Brett and Jason Sauls

Brett and Jason Sauls of Sauls Partnership, a family-owned farm located in Shellman, Georgia, cultivate peanuts and cotton. This multi-generational farm is overseen by Brett's grandmother as the matriarch.

They took time out of their harvest season to talk about how their cost share conservation projects, which include cover crops and installing water sensors, have helped them increase profits while enhancing their commitment to responsible land stewardship.

Last year, we planted cover crops, and we really got into the science of it. Per acre, we’re having savings on tillage cost and fuel from tractors running through the field. It just makes too much sense. I would urge Congress not to remove this funding.This is the lives of a lot of people across the country.

Howard James

Howard runs Jibbs Vineyard in Byromville, Georgia where he grows a wide variety of crops ranging from peanuts and cotton to collard greens and pecans. Howard sells his produce directly from the farm to retail customers.

He has utilized several USDA funding programs to aid his water management, allowing him to maintain his operation through long, scorching summer seasons.

These programs help small farmers to better their production, their practices, at a cost that they can afford. It helps everybody, which means it creates jobs.

Andy Payne

Andy is a fourth generation farmer operating in Weston, Georgia. He produces a diverse mix of row crops, citrus, and beef. Andy and his wife manage A&L Farms with a team of five employees.

USDA funding programs have supported Andy to implement cover crops and increase the efficiency of his water use, which builds the organic matter in his soil and prevents loss of valuable nutrients through erosion. Additional benefits like improved grazing efficiency and field health have helped lower his fuel costs.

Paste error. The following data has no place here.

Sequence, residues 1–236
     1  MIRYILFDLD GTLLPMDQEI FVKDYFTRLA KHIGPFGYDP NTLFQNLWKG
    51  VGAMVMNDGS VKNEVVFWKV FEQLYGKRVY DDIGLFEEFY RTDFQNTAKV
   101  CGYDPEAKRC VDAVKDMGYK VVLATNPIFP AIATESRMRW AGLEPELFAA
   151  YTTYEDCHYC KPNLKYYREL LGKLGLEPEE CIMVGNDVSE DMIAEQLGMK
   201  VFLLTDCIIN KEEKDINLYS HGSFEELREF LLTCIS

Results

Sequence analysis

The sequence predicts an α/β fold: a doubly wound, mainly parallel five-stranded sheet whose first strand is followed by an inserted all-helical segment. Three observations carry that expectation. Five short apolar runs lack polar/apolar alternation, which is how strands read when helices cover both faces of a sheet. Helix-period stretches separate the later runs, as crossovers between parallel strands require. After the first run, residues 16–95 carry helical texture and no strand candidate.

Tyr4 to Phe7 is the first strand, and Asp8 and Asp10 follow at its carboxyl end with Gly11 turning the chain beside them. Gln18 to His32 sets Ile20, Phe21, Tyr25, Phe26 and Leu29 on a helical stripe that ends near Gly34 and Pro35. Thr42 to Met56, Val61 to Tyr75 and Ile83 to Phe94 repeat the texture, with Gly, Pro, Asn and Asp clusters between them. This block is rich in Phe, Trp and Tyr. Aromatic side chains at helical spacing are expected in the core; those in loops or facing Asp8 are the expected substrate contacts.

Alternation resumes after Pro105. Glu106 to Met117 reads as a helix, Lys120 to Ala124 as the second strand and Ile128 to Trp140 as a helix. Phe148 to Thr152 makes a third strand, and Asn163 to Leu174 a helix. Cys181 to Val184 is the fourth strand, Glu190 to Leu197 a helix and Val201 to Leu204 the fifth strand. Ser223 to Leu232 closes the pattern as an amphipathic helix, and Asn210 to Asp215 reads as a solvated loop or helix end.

We need to be able to count on programs that make us successful for the future. I’m not a political person, but farmers have got a story to tell. And we’re gonna have to tell it before politicians or leaders can understand what’s going on.


In 2022, Montana’s agricultural industry contributed 3.7% of the state’s total GDP. Persistent drought conditions have led to a dangerous increase in wildfire activity in the state, reduced agricultural yields, and closures of public recreational areas. These impacts pose serious risks to the sustainability of farms and ranches, threatening the livelihoods of Montana producers by jeopardizing crop yields and the health of livestock and rangelands. USDA programs have proven critical in helping these farmers and ranchers access resources to build resilience to drought and maintain profitability.

Pete and Len Youngblut

Father and son Len and Pete are corn and soybean producers from Dysart, Iowa. They used USDA funding for cover crops and are re-applying for a contract to implement strip till. They maintain that sustainable farming extends beyond the advantage of reduced chemical use on their land - it also strengthens the American economy.